My personal favorite remains Tiger Stadium, Baton Rouge, first home game after Katrina vs. Tennessee on a Monday night. Getting goose bumps typing about it. It was so loud and emotional that I think everyone was exhausted by the second half.
No one can know how long this dumbing-down of American religion will persist. But so long as it does, citizens should probably be more vigilant about policing the public square, not less so. . . . [Y]ou cannot sustain liberal democracy without cultivating liberal habits of mind among religious believers. That remains true today, both in Baghdad and in Baton Rouge.
It's what you'd expect out of Baton Rouge: people tailgating with shrimp étouffée, everything from alligators roasting on a barbecue to dishes that you would get in the French Quarter. These people are serious and they are legit and they're ready to go.
Actually, when I think about growing up, I feel most affected by two travels that I made working in cargo boats when I was 16 and 18. One of them crossed through the Mississippi and Baton Rouge and Mobile, Alabama, and another went all the way to Europe. On the last trip, I stayed in Europe for one year with $1,000, working everywhere I could, doing everything. Those years shaped me a lot and taught me the value of exploring different things.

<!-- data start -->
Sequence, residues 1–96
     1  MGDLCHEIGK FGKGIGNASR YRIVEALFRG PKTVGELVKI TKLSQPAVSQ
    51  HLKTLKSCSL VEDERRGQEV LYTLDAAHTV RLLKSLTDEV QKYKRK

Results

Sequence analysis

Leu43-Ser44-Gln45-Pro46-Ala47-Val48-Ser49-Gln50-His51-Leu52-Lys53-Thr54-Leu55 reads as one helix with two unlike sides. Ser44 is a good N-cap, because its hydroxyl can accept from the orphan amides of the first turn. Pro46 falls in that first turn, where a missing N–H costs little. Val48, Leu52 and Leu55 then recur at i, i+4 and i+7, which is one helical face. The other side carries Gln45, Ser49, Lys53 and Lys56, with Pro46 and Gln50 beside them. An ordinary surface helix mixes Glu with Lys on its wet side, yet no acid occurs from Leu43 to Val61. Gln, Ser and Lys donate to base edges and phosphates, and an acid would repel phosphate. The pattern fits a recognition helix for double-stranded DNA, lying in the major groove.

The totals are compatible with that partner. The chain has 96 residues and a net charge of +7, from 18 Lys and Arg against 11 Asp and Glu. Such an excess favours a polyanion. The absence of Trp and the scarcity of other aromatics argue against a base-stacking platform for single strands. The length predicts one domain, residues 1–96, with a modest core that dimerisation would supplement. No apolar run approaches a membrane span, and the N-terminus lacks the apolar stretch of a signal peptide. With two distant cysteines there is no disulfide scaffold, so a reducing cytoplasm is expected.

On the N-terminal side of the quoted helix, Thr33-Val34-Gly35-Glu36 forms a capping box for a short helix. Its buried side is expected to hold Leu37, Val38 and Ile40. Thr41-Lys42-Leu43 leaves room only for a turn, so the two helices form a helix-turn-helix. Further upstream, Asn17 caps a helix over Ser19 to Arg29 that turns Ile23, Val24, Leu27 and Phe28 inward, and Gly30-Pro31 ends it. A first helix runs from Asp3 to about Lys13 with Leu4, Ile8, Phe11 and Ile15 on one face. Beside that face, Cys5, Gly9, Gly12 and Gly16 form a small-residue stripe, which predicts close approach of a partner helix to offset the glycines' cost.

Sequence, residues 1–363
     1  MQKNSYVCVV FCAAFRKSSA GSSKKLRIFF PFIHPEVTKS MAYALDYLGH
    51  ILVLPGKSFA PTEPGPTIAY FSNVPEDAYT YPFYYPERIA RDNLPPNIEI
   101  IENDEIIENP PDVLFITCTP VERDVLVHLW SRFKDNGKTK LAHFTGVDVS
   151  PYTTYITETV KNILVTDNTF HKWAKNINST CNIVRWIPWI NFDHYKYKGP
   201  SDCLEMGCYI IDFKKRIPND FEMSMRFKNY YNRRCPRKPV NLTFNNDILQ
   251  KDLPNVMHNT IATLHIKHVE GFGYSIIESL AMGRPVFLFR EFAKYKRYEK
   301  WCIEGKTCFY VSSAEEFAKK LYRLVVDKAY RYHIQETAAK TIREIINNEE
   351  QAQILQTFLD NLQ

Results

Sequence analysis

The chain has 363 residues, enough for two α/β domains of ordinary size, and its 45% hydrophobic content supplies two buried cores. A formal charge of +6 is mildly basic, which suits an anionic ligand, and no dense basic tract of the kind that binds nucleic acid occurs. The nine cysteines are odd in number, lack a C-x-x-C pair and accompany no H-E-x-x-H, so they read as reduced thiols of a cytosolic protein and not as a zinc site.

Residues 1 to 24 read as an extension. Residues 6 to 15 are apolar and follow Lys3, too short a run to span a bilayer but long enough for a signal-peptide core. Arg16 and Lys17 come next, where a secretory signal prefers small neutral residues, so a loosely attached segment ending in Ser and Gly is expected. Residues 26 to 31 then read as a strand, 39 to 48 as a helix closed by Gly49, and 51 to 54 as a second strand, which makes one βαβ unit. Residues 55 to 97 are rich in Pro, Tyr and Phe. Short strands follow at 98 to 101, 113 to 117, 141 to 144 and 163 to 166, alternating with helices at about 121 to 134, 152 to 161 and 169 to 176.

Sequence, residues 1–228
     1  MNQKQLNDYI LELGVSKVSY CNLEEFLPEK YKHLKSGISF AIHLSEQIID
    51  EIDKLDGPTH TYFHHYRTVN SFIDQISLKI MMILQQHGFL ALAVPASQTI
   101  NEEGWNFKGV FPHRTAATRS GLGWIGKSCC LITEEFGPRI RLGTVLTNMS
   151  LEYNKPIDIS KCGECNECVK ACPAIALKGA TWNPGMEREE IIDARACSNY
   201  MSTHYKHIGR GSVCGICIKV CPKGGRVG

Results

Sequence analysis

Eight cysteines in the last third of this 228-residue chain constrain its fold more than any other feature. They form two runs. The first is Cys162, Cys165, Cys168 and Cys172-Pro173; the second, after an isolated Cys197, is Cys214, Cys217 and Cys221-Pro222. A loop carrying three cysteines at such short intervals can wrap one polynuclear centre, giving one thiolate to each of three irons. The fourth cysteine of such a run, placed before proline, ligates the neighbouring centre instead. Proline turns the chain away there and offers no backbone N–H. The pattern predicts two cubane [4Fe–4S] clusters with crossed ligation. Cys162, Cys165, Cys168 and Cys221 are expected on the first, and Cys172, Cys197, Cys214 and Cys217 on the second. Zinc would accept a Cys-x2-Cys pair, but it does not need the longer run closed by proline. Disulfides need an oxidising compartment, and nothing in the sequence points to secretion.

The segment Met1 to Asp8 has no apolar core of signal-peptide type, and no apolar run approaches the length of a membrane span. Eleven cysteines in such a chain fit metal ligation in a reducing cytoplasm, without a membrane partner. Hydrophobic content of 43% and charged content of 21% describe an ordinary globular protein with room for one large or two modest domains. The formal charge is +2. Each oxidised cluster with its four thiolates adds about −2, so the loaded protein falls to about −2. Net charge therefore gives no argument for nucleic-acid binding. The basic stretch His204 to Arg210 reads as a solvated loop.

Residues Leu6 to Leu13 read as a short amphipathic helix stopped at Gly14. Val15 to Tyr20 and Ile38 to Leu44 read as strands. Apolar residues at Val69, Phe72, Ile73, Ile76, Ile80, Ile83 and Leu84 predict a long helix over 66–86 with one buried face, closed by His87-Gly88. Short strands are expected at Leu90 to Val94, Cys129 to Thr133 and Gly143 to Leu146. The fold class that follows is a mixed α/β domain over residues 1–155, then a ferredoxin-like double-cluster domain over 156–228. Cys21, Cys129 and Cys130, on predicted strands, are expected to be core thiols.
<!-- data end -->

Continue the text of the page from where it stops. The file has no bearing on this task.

I absolutely love doing games in Baton Rouge. Night games in Tiger Stadium are a spectacle and the food choices all around are fantastic! One thing is certain: if I ever choose to feature a tailgating spread for Taste of the Town, LSU will be at the top of the list.
It was electric. When Death Valley is rocking, it seems as if it might actually take flight. On Saturday, I went back to Baton Rouge to see Alabama barely beat LSU, and was, once again, reminded that Tiger Stadium is the best place in the world to watch a sporting event. ... I'm not sure what it was like to walk into the Coliseum, but I bet it was something like this.